[Freegis-list] RE: [Liftoff] Global "local" placenames database
adrian.norman at adminet.co.uk
Thu Jun 23 16:54:23 CEST 2005
I fear this will not work in the UK, much though I wish it might be
There is no logical mapping of the following terms onto each other:
"Where they live"
The concept of "number of people in the same community" cannot be
deduced from the addresses of people, not least because many of us live
in one place, work in another and play in a third.
In my rural village where I pay property taxes, the most critical local
issue is regeneration following the demise of the hunting industry. The
hunting community spreads across county and national park boundaries
which are not coterminous with political boundaries.
The outcome of EU and G8 discussions on support for agriculture is a
global matter with acute consequences for rural livelihoods. Affordable
housing is a national issue affecting local folk through centrally
mandated zoning regulations.
Rural transport ties in with access to education and health services
which are national and regional, affecting a community focussed on the
nearest towns. Bus and train users are a community spread over 300
square miles whose service providers operate nationally and regionally,
not locally. Broadband telecommunications and mobile phone coverage are
a local issue only for those who do not have service from national
suppliers. Roads are a county issue; policing covers two counties; post
offices, village shops, banks and pubs are critical local matters where
closure decisions may be national.
And so it goes on. Most of us belong to many communities which are not
the same as neighbourhoods. Each such community has issues, some of
which can be addressed by active citizens. But the dominance of national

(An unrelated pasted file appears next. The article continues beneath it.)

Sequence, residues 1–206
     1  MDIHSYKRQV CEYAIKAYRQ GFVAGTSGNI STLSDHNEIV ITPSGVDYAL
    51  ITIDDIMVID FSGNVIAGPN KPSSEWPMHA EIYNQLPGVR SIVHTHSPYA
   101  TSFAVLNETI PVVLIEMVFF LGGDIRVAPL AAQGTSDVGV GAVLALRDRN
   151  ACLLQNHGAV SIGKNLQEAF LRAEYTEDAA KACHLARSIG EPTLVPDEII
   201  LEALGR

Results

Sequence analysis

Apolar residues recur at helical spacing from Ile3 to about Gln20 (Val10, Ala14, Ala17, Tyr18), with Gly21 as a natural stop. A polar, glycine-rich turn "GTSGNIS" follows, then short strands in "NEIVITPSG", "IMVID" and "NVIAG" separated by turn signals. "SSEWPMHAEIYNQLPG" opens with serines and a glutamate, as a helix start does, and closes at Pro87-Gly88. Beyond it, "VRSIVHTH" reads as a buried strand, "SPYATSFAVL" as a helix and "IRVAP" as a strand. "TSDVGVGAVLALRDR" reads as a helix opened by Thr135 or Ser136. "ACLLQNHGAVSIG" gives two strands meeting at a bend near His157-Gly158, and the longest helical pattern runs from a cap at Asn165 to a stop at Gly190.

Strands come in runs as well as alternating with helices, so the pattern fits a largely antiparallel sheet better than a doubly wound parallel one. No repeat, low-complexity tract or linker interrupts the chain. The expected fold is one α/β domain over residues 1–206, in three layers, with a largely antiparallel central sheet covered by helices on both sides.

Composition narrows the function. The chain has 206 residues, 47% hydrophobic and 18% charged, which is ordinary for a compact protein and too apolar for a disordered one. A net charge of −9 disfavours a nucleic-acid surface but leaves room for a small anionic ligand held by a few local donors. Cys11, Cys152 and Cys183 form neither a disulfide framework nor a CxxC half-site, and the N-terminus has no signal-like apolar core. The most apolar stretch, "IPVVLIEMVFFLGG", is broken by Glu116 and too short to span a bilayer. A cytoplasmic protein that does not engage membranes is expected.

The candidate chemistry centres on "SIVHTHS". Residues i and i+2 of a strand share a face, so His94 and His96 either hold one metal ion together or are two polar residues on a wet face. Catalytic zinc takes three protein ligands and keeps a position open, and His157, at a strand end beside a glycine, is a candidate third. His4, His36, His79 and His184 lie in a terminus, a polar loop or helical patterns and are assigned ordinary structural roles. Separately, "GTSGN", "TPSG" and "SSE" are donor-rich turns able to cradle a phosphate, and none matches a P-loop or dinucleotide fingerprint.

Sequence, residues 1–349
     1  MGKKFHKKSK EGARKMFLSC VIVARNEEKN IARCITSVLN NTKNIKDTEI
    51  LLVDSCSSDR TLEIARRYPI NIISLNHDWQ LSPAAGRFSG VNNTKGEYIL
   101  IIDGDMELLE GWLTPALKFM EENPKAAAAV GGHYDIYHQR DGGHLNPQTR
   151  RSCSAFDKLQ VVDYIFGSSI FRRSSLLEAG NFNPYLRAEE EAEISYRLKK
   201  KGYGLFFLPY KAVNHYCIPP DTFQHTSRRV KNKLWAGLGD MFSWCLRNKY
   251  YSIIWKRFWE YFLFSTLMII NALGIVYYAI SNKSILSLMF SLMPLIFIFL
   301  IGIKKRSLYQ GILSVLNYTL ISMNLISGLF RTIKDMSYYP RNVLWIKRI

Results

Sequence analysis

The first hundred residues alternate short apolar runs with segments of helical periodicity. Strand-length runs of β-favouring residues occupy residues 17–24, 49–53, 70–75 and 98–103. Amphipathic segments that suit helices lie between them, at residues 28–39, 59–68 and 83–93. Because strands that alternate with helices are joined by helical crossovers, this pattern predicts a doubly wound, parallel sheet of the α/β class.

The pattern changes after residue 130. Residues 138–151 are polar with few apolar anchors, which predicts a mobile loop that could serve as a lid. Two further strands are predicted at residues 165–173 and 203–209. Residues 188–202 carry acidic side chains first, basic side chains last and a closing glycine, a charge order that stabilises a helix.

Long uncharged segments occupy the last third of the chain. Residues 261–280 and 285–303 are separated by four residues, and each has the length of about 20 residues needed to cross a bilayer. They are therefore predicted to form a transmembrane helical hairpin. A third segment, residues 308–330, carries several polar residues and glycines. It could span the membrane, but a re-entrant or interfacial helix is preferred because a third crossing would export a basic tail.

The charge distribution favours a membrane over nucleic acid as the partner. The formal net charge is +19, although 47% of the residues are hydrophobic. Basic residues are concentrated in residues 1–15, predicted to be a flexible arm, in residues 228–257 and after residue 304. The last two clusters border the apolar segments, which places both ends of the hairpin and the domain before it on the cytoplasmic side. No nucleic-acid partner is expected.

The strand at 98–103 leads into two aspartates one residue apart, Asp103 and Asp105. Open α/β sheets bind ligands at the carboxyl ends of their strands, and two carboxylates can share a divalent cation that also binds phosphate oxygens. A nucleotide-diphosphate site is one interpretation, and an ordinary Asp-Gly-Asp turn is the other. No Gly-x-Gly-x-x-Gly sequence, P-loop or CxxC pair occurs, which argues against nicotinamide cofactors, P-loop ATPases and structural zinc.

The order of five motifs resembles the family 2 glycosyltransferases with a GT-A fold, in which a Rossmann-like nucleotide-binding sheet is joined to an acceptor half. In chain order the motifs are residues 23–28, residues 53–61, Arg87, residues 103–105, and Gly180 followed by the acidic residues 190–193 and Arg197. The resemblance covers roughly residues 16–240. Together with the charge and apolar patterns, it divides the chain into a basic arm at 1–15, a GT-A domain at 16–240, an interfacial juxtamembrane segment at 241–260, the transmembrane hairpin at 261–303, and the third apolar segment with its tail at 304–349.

politics and commerce over local affairs in this country means that
national action is usually necessary. No amount of local action would
save Newham from the 2012 Olympics or ensure their success; nor could
local action have saved hunting on Exmoor.
The Americans established the primacy of local democracy in a
constitution which reflected 18th century communities; few except
deep-sea sailors and trappers travelled far to work or play. That
constitution has protected local democracy for two centuries, making
active participation worthwhile and providing fertile soil for the
growth of e-democracy. For the British, the issue tends to be more
important than the place.
From: Steven Clift [mailto:slc at publicus.net]
Sent: Wednesday, June 22, 2005 5:27 PM
To: freegis-list at intevation.de
Cc: team at e-democracy.org; dan at groupsense.net; richard at iopen.net;
liftoff at forums.e-democracy.org
Subject: [Liftoff] Global "local" placenames database
Posted to: freegis-list at intevation.de
Is there a good source?
E-Democracy.Org is considering a "Global Campaign for Local Democracy"
petition of sorts where people can state:
1. Their Name
2. Their e-mail
3. Where they live
4. Check a box that says "Yes, I want to discuss local issues with
neighbors in my community."
5. Tell a friend
This will enable us expand our support for active citizens interested in
starting local "Issues Forums" - see http://e-democracy.org/uk for our
guidebook and more.
We'd probably tie the placename database into our use of the new open
source GroupServer tool http://e-democracy.org/groupserver and when X
number of people in the same community sign up, our system will provide
them a Meetup.com-like chance to meet in person to start work on
creating an local issues forum. Our sustainable model requires a
volunteer forum manager and 100 people before a forum is open. With a
development system in place, we will be able to scale by better
targeting our support to communities with interest that we previously
knew little about.
Any suggestions or ideas?
Board Chair, E-Democracy.Org
Steven Clift - http://publicus.net - Reply to: clift at publicus.net
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